The direction by Umberto Lenzi isn’t stylish or anything memorable visually. The editing is off at times and the flow of the film is definitely questionable at times. But Lenzi does manage to get a reaction out of you through his visceral camera work. Lingering on animals getting killed will either make you regret continuing to watch, or make you shut off the film entirely. The gore effects are pretty well done, making certain moments like cutting out an eye, a scalping, and castration make you cringe in disgust. Or maybe it’ll make you giddy. Whatever floats your boat. Lenzi also seems to follow Deodato’s book by telling the viewer that we’re all savages on some level through our main characters and the actions they make in order to survive. Deodato had a more artistic vibe in his direction, however, while Lenzi would rather shock and disgust us with his work. If that’s what Lenzi was going for, he succeeded big time.

The score by Roberto Donati and Fiamma Maglione is more subtle than not, which adds to the atmosphere of CANNIBAL FEROX. We get funky music, jungle beats, and synthesizer riffs that grab you during the more violent and uncomfortable moments in the film. I believe some music was taken from Lenzi’s previous cannibal film, EATEN ALIVE!. The score is probably not as memorable as the score from CANNIBAL HOLOCAUST, but it works nonetheless and adds to the overall mood of the film.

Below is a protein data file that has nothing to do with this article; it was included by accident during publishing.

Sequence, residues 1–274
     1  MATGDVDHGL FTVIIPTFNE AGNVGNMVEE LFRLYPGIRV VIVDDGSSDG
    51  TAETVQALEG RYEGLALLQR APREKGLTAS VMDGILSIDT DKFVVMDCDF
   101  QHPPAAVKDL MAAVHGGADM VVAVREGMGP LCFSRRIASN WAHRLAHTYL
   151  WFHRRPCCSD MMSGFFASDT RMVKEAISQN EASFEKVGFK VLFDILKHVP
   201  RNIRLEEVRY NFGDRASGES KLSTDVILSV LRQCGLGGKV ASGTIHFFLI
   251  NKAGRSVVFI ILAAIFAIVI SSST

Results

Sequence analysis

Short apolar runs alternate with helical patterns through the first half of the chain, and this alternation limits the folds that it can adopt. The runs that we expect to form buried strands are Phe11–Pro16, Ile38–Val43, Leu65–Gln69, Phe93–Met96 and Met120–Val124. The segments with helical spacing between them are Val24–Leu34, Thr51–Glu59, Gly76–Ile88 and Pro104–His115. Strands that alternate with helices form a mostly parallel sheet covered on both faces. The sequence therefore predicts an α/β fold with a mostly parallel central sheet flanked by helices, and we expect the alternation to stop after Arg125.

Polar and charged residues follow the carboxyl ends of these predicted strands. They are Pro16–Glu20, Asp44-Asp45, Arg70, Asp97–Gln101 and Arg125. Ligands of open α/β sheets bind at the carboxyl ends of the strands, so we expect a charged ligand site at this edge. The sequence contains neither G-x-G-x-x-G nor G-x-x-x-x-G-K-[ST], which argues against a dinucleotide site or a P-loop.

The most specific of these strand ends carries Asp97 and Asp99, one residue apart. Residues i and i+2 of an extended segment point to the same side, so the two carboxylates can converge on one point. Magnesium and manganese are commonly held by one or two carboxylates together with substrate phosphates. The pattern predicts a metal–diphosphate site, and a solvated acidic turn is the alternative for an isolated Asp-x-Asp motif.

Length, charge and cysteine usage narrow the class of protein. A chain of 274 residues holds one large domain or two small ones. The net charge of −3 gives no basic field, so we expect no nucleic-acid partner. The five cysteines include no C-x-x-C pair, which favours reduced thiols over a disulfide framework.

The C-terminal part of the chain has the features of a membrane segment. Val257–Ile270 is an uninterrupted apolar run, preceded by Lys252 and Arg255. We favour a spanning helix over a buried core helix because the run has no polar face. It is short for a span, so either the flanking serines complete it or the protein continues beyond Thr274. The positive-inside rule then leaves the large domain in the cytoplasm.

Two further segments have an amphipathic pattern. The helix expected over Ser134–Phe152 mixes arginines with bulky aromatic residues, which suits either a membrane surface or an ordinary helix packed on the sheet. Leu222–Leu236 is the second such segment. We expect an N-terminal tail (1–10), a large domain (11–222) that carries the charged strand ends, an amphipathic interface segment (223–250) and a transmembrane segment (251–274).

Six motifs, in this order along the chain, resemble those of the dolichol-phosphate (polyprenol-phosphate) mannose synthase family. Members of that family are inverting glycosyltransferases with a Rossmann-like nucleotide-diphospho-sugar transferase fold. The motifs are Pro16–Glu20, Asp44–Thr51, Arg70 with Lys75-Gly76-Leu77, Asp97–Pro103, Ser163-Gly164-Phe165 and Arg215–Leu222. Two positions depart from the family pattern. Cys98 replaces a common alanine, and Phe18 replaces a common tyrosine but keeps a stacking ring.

The acting in CANNIBAL FEROX isn’t the main focus of the film, but there are some pretty memorable performances here. Probably the highlight in terms of star performances is, without a doubt, Giovanni Lombardo Radice - known as John Morghen here - who plays one of the more memorable and vile villains in 80s horror in Mike Logan. Radice, a well known actor in the Italian horror world, probably provides one of his best performances as a con man who can charm you into bed, but is nothing but the scum of society. He’s smooth while still being a twitchy, sweaty creep. Radice’s vile and maniacal performance stems from the fact that he hated even starring in a film like CANNIBAL FEROX, displeased with the story and the treatment of certain characters and animals. Using that frustration and anger, he channels a misogynistic performance that rivals David Hess’ Krug from THE LAST HOUSE ON THE LEFT as one of the more despicable characters ever portrayed in a horror movie. If there is any reason to watch CANNIBAL FEROX, it’s for Radice’s performance.